Tuesday, August 21, 2007


This picture by Mr. Irish shows you exactly the sort of wry humor that he is capable of. To see some more of his work, go to Honeychunks. I've got hanging in my own art hallway, one of Dann's works myself.


The following is a letter I sent off to Newsweek magazine which was generated by an extended piece they did on Facebook:

“One of the saddest most incomprehensible claims to arise out of your Facebook article was the statement by one of your respondents that he has 1,042 “closest friends.” How does anyone make time to personally get to know a thousand people on the one on one basis required for real friendship? I’m a 69 year old blogger myself, and I’ve poked around in some of these social networking sites. I’m astounded by the long lists of friends that participants claim to have. Many bloggers are obviously performing to attract attention rather than to develop close personal ties. A lot of what appears on Facebook and elsewhere seems to be the, "hey look at me I need attention" sort of relationship that one finds hollow and unrewarding in real life.

“I think one’s close friends are people who are physically close, people who one actually talks to face to face or has known personally for extended times in the past. I admit to emailing and phoning old friends who are now physically distant, who I haven’t seen in many years, but our friendships are still based on close past personal experiences, and we try from time to time to actually get together. Somewhere in the past, I came across the statement by a social commentator that one is lucky if he can claim one or two really true friendships in his whole life. I think I can count, perhaps, five close friends myself, maybe a few more. People I really trust with the facts rather than my performance piece, and the older I get, the less range my performances have.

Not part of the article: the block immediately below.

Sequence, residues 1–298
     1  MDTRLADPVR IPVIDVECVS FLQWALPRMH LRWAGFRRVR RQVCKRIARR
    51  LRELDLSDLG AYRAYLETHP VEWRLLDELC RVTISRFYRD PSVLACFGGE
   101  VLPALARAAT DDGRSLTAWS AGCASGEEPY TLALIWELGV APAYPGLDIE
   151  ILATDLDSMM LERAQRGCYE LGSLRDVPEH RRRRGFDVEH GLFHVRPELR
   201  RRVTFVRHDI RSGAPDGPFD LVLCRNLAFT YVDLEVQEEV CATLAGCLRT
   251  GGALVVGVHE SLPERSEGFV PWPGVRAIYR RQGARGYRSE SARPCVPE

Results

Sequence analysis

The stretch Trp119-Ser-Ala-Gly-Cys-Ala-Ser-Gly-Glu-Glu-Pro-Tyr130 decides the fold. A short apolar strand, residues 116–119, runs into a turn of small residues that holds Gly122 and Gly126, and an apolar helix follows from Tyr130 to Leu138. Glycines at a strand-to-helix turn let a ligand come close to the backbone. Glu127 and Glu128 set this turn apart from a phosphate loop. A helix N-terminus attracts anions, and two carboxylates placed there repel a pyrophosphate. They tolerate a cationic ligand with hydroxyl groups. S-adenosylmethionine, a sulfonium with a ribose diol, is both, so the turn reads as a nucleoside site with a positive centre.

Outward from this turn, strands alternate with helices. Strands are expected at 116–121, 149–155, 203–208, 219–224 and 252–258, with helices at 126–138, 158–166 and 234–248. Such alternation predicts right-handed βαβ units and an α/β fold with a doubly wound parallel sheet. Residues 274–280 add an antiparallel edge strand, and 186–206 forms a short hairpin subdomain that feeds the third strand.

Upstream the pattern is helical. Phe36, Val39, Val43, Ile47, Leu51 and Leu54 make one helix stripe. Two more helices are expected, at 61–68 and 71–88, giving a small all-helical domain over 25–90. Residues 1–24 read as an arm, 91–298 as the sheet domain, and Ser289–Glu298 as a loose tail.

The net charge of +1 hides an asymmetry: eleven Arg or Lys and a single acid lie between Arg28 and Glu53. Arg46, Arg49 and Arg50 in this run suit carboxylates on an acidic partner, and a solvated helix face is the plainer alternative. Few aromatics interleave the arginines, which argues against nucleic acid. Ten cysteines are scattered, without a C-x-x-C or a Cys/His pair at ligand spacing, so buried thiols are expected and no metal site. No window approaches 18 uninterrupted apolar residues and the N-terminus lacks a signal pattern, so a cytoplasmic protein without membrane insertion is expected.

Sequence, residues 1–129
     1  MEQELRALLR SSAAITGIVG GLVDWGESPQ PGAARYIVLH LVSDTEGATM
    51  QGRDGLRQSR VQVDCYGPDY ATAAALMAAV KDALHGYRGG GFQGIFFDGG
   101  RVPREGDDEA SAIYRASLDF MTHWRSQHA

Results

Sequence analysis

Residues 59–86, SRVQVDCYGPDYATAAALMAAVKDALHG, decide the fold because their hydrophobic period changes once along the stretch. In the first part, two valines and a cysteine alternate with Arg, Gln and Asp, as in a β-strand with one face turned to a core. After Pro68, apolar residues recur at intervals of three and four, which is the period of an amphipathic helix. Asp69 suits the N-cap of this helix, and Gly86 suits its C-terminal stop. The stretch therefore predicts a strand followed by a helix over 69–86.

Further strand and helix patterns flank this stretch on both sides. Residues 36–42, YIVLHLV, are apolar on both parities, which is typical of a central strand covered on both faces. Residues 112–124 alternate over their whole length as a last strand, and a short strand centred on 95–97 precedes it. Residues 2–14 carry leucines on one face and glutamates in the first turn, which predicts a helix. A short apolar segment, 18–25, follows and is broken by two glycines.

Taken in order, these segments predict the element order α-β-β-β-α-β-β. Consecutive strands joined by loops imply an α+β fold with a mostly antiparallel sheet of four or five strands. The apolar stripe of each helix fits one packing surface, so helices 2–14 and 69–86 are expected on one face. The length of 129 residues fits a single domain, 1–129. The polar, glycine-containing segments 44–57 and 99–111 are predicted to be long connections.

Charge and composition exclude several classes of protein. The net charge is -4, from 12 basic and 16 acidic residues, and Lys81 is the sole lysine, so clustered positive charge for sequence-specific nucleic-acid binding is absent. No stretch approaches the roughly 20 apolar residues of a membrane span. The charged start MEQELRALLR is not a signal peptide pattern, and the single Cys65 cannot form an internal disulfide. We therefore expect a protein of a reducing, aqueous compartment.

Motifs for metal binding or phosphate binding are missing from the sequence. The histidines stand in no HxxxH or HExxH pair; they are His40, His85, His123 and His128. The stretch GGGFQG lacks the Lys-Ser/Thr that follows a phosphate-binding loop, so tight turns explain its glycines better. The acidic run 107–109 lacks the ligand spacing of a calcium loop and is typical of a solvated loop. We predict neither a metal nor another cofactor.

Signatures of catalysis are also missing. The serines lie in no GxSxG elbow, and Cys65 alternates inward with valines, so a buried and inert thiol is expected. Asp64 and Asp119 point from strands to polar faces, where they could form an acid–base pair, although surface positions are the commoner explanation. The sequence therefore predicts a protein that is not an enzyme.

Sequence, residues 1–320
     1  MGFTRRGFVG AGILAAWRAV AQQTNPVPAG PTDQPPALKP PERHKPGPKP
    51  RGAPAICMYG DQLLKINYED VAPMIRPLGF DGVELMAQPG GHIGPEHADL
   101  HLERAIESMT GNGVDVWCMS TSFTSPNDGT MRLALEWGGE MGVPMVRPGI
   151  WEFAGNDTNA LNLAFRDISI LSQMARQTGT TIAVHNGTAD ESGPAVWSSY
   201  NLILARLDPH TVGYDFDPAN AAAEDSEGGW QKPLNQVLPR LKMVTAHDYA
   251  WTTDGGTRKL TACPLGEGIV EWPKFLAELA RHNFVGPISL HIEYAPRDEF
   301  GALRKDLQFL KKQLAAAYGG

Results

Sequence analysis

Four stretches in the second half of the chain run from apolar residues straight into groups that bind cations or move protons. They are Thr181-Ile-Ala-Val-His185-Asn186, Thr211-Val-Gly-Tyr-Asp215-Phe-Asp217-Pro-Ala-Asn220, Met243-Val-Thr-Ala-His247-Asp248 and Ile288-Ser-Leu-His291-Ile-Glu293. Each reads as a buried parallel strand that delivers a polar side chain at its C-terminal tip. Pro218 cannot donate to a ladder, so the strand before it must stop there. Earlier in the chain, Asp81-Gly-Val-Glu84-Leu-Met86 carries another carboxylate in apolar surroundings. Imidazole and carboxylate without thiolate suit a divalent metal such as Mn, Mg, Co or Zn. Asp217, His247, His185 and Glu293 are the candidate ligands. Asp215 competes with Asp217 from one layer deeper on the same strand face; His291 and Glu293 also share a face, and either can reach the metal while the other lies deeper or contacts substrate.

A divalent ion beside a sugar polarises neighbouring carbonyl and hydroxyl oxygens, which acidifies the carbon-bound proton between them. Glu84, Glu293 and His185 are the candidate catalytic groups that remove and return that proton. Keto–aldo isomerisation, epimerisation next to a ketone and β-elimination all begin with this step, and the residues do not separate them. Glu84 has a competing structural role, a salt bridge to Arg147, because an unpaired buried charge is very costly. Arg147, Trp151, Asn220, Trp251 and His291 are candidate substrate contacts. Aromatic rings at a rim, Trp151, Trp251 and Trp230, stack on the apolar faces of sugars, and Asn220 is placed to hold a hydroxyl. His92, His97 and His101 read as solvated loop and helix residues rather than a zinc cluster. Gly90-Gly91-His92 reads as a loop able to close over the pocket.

“I’m honestly puzzled by this internet friendship phenomena. I wish someone would explain to me the huge psychological shift by which someone can imagine he or she has thousands of personal friends. Making friends face to face, as I know it, is such a daunting risky enterprise. Is the fact that website friendships don’t have to risk personal encounters that allows people to imagine they have more friends than they do? Is it social naivetĂ© on their part or have I missed something along the way? Has the definition of “close friend” radically changed?”


Because I happen to be reading, as I told you, On The Road for the many such time, I came across this passage. Cassady has showed up from California at Kerouac’s brother’s house in Virginia at Christmas 1948. They are involved in moving furniture and Jack’s mom from Virginia to New York. Kerouac says as they bop into New York, “He [Cassady] said we were a band of Arabs coming in to blow up New York.”

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